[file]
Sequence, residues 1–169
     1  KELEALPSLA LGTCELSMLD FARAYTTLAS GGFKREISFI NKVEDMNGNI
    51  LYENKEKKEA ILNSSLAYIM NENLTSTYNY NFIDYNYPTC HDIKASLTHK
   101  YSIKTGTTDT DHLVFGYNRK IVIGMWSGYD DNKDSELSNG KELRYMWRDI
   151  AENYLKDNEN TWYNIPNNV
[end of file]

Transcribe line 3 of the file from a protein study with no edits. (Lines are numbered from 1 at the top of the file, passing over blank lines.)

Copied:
    51  LYENKEKKEA ILNSSLAYIM NENLTSTYNY NFIDYNYPTC HDIKASLTHK